ARVADA, Colo. — Jerry Jeudy stood a few yards from the end zone at Arvada West High School on a blistering afternoon. It did not mock him. It inspired him.
After failing to produce a touchdown in 10 games last season — he shares only a fraction of the blame after being targeted three times in the red zone — Jeudy embraces the challenge of silencing critics.
"I don't have a celebration yet, but I can't wait to get in there, for real. I feel good. I know this system is a good system for me to be put in the best possible position to be successful," Jeudy said. "We have a great quarterback, great teammates. I feel like it’s going to be exciting."
Nothing is like it was before. And that's a good thing. The Broncos offense smelled like a rat sleeping in a wool sock last season. Those days are over. Russell Wilson is now the face and future of the franchise.
It should amplify Jeudy, Courtland Sutton, Tim Patrick — who has been Denver's most reliable target the past two seasons — and K.J. Hamler.
The Broncos are in no mood for a painful transition with a new coach (Nathaniel Hackett) and new quarterback.
Who wants to watch the corn grow when you can throw it in the microwave and see it pop? That is essentially what Wilson did this week by hosting Broncos receivers, tight ends, backup quarterbacks and friends to his San Diego compound for this second time this offseason.
And this time he taught an upper division class over four days.
"We had the playbook and all the players there and stuff. We were just getting that chemistry together and building that camaraderie. I feel like our group is close. It was just about hanging out with all the guys, talking football and playing the game," Jeudy said. "Russell was laid back and chill a little bit, but once he’s on that field he has a different switch. He's focused. It’s a learning lesson at that point, picking his brain and him trying to pick our brain, talking about what we see on the field and what he sees on the field."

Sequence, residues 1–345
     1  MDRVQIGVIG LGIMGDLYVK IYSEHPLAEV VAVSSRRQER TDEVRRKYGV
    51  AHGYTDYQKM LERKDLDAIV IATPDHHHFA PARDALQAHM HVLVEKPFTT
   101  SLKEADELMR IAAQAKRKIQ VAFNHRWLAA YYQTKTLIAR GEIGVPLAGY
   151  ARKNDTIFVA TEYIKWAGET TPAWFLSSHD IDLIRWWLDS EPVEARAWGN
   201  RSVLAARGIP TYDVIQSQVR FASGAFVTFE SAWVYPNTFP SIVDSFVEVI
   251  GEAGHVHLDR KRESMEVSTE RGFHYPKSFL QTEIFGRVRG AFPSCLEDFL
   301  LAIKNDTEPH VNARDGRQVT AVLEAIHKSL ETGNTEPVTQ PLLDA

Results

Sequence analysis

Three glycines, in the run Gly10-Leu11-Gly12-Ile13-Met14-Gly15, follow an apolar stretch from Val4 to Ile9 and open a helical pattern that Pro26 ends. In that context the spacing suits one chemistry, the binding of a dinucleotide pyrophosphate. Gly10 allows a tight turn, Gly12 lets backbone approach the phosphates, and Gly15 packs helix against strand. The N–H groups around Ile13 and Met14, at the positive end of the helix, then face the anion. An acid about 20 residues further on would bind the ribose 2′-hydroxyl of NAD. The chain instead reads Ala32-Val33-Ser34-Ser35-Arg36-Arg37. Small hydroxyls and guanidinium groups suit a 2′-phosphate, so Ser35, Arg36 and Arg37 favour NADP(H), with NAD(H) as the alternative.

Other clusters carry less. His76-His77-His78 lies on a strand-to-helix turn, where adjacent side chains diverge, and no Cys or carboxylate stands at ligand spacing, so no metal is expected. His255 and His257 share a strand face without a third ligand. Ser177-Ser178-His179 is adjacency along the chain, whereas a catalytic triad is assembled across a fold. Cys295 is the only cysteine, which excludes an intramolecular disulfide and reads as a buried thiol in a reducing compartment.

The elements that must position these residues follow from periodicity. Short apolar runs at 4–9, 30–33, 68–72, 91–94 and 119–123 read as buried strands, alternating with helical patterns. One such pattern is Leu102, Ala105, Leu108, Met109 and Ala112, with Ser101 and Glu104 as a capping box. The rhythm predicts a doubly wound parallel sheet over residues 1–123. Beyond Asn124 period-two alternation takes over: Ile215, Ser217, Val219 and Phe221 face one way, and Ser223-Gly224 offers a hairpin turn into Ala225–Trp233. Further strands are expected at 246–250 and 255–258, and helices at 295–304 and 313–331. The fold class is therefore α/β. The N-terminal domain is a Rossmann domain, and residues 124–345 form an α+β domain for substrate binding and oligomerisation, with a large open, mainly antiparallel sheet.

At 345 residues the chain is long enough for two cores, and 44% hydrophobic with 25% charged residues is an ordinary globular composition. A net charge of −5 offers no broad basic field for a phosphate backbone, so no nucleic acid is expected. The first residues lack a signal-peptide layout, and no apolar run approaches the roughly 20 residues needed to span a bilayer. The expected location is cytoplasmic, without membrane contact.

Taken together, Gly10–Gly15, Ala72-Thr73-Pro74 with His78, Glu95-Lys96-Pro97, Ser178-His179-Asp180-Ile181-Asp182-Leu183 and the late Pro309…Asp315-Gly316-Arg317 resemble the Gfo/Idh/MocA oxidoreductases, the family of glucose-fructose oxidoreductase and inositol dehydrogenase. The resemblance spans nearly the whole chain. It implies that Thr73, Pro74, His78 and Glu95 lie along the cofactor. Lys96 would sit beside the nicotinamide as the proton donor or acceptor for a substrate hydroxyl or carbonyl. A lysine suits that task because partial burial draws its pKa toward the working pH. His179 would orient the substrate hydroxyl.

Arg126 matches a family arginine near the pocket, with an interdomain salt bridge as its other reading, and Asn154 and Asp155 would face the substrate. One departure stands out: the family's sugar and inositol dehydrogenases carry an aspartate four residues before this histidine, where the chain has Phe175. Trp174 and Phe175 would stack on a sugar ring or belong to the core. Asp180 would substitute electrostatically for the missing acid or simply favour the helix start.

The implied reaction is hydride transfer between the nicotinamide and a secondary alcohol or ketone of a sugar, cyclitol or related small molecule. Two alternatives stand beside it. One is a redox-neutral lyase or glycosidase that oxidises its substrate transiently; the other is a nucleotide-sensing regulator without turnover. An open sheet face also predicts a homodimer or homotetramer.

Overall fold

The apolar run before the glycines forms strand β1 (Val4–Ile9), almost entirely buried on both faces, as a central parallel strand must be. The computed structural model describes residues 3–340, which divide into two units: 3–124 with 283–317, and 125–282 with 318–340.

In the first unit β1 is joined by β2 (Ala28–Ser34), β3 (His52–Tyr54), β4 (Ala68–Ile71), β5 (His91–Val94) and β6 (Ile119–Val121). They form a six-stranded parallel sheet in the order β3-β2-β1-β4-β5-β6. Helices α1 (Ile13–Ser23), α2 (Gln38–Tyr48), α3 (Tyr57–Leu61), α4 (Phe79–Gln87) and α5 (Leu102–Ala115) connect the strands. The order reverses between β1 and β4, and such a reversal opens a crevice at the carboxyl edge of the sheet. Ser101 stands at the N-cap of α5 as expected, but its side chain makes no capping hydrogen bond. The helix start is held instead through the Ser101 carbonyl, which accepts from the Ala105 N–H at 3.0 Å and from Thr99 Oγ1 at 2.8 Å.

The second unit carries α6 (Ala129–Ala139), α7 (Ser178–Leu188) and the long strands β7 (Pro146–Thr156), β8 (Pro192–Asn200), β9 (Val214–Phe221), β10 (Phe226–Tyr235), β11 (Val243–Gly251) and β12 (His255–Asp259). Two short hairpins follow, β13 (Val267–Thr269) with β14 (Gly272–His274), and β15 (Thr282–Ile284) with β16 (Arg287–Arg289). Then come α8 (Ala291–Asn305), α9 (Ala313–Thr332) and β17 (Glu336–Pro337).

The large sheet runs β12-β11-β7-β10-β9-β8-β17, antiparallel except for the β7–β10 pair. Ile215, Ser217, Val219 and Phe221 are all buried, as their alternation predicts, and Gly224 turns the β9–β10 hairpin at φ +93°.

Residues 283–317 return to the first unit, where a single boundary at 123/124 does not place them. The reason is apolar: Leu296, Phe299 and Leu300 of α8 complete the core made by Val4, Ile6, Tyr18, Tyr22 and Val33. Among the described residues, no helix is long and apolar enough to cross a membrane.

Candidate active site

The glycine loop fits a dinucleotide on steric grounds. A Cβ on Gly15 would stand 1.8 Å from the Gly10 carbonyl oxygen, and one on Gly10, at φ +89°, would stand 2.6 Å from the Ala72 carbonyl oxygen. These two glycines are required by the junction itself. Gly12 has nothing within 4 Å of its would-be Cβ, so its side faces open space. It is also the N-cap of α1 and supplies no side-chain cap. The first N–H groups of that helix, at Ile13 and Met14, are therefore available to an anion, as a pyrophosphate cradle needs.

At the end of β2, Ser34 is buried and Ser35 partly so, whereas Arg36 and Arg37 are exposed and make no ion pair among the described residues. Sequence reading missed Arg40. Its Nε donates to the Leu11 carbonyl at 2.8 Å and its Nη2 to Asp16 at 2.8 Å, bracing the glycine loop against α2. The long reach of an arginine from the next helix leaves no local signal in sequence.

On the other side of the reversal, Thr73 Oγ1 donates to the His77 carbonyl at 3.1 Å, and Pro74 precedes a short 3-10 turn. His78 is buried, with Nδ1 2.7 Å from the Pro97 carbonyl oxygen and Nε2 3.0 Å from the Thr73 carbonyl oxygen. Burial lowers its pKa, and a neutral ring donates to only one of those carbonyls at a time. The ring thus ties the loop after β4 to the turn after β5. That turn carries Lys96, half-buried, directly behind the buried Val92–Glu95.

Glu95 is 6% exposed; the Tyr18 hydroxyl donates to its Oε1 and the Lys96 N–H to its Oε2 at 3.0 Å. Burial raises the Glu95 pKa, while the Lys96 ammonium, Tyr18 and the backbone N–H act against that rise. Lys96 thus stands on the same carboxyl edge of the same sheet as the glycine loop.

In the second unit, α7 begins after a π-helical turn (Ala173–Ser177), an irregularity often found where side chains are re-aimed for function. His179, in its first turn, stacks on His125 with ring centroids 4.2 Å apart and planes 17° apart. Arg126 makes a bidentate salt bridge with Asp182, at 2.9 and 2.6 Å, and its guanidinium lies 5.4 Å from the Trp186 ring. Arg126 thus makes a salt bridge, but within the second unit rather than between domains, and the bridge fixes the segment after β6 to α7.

Wilson would do himself a favor by not looking at the Broncos' receiving numbers last season. In my latest Denver7 storylines piece before training camp opens on Wednesday, I look at the significant improvement required by the receiving corps.
First, the sobering numbers. The Broncos averaged 211 yards passing per game last season, ranking 19th overall. They finished 28th with 20 receiving scores, and vertical routes became a rumor.
Yes, Jeudy had zero touchdowns. But Sutton did not score in the final 11 games and finished with two touchdowns. And Jeudy and Sutton never scored in a game where they both appeared. Patrick represented the only receiver to produce a touchdown over the final 11 games. Hamler, who is expected to begin training camp on the PUP list, had five catches in three games before suffering a season-ending injury that required surgery on his hip and knee.
Wilson arrives in Denver with scrutiny, and perhaps no quarterback is under more pressure to deliver after he orchestrated his exit from Seattle. Some jilted Seahawks fans insist Wilson remains a declining player. Broncos fans see a quarterback who ranks among the game's elite — top 10 by any measure — and posted a four-to-1 touchdown (25) to interception ratio (six) a year ago.
Since 2016, Wilson has 71 more touchdowns, 2,213 more yards and 37 fewer interceptions than the Broncos' quarterbacks, among them 11 different starters. Did I mention that Wilson has also run for 2,259 yards and 11 touchdowns during this time and caught a score? And no one has been better at throwing the deep ball than Wilson.
But let's be fair — and real. The Broncos receivers need to turn potential into production. Using Pro Football Focus' rankings as a guide, it reveals the work they have to do. Seattle's Tyler Lockett (12th out of 115 qualifers) and D.K. Metcalf (14th) ranked among the game's best last season. Sutton (45th), Patrick (45th) and Jeudy (56th) did not.
They need better. The receivers know it. They were not happy with how last season unfolded. Sutton slumped to 25 catches over the final 11 games. Jeudy did not catch more than six passes in a single game. The Broncos were bad and boring through the air.
Everything feels different. Now, it's up to this talented group to prove it.
"I can't wait for camp. I can't wait to get back to playing football," Jeudy said. "This is what I do. This is what I love doing. This is where I have my most joyful moments."